Pressing vs possession: Tactical analysis of Liverpool and Manchester City
The first Premier League match between Liverpool and Manchester City was a rather dull affair considering the two teams, their position in the league table, and their two swashbuckling managers. Guardiola, who very recently said he would never compromise his footballing philosophy, perceptibly took on a defensive approach against Klopp's Liverpool and made tactical changes very unlikely of him. Let's discuss their tactics here.
Both managers have a history in German football
Guardiola's unbeaten run as Bayern Munich manager was brought to a screeching halt by Klopp's Borussia Dortmund when Bayern were defeated 4-2 at Dortmund's home in the 2013 DFB-Pokal final. A year later, Guardiola-led Bayern lost to Klopp's Dortmund once again, this time 3-0. This clearly suggests that when it comes to Jurgen Klopp, Guardiola does have trouble dealing with his German counterpart's tactics.
Keep pressing till you get enough
In the DFB-Pokal loss, Pep took a 4-3-3 starting line-up morphing in 4-2-4 to allow greater possession. But this made their midfield vulnerable, and Dortmund destroyed the Bavarians through counterattacks. In the 3-0 loss, Guardiola played a 4-3-3 evolving into 2-3-2-3, which meant the fullbacks could go higher up, thereby allowing central midfielders to take up an attacking role. But again, counterattacks and long balls saw Dortmund through.
Guardiola managed to cut off Klopp's counterattacks with a change
In the return Bundesliga fixture, Guardiola deployed Javi Martinez as an advanced midfielder to man-mark Dortmund's Nuri Sahin, who would generally start the Dortmund counterattacks. Successful in doing so, Guardiola won the away fixture 0-3.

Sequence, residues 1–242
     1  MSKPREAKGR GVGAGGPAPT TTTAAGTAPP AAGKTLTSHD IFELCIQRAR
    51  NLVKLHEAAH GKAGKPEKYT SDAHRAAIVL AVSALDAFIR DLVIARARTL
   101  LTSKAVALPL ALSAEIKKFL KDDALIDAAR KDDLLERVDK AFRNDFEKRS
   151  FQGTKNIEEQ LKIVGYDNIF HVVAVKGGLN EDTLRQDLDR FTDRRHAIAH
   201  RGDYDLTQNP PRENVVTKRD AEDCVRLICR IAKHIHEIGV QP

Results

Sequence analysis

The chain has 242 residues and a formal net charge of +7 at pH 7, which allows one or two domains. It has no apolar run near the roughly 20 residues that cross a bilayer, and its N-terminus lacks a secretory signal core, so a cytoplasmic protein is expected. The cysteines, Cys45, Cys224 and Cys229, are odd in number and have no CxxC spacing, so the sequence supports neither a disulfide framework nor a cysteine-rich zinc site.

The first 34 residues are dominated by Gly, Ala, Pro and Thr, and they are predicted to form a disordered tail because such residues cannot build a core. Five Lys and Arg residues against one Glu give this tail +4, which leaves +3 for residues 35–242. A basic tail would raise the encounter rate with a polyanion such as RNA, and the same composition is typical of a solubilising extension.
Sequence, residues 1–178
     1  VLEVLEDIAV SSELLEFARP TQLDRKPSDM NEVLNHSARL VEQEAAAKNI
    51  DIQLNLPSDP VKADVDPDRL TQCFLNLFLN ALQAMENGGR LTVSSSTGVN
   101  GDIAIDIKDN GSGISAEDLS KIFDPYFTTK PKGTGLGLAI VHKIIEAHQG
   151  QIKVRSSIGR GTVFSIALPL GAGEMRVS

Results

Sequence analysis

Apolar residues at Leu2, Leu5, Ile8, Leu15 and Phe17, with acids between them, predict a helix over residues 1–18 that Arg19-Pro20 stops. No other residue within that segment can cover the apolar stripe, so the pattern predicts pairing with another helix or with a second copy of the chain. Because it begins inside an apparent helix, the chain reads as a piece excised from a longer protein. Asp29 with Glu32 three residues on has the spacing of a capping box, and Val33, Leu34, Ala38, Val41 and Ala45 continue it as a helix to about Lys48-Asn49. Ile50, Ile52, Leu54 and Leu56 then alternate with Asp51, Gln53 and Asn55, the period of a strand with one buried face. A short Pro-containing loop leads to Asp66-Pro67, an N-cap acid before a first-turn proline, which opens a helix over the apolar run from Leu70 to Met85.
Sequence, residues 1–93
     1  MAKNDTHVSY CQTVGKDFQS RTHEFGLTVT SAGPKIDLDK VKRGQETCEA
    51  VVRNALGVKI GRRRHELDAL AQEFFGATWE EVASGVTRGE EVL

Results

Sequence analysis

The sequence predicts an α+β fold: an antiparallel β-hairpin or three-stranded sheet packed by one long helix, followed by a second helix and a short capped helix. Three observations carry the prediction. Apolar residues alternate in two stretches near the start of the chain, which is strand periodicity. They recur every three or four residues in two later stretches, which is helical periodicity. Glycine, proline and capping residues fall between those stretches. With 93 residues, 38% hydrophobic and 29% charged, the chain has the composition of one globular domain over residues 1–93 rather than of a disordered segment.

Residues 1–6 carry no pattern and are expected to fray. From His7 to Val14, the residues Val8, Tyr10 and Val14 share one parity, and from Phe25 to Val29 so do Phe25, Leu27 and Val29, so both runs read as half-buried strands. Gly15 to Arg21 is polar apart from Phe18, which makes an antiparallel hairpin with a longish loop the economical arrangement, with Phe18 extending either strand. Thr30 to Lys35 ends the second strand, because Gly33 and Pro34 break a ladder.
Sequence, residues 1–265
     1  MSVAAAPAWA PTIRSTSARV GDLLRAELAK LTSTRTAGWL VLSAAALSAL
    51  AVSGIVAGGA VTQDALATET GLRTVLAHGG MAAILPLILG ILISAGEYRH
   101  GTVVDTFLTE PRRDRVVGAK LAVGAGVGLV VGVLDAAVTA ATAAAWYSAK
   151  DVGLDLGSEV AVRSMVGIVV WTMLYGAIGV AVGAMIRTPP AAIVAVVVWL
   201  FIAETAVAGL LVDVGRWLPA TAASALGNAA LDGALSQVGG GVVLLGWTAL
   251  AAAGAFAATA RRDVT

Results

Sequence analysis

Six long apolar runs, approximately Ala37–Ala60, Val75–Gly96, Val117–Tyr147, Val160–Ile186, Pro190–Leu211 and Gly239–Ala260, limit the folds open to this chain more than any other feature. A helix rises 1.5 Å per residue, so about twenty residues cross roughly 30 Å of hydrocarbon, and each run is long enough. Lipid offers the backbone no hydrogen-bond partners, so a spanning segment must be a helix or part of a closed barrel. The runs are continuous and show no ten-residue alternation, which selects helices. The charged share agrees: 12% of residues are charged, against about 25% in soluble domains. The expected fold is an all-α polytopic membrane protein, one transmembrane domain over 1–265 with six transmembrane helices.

Expectation from Liverpool vs City: A clash of ideologies
Guardiola has always believed in keeping possession with swift passing play and building rapid attacks, as he did so with Barca and still continues doing, helped by Sane and Sterling's bursting pace. Klopp, on the other hand, looks to dominate space, to cut off the opposition's passing play in midfield itself, and then move to swift counterattacks once the opponent's midfield has been compromised.
City can sit back, causing Liverpool problems
What Guardiola did with Martinez was something Mourinho tried with Fellaini, using him as an anti-10, someone who cuts off the ball supply from any deep-lying playmaker. With de Bruyne injured, Guardiola had lesser options in the October fixture at Anfield. Guardiola knows Klopp has always been a thorn at his side, and Klopp realizes how City can choke his tactics to their benefit.
What have the two managers said about each other recently?
Recently, Guardiola regarded Klopp's Liverpool as the current best team in the world, and City's captain Vincent Kompany says that Thursday's clash is the kind of match footballers live for. Klopp, on the other hand, had played it cool after the Arsenal game, saying there was nothing to celebrate about since December is too early to predict a title win. Is this the calm before the storm?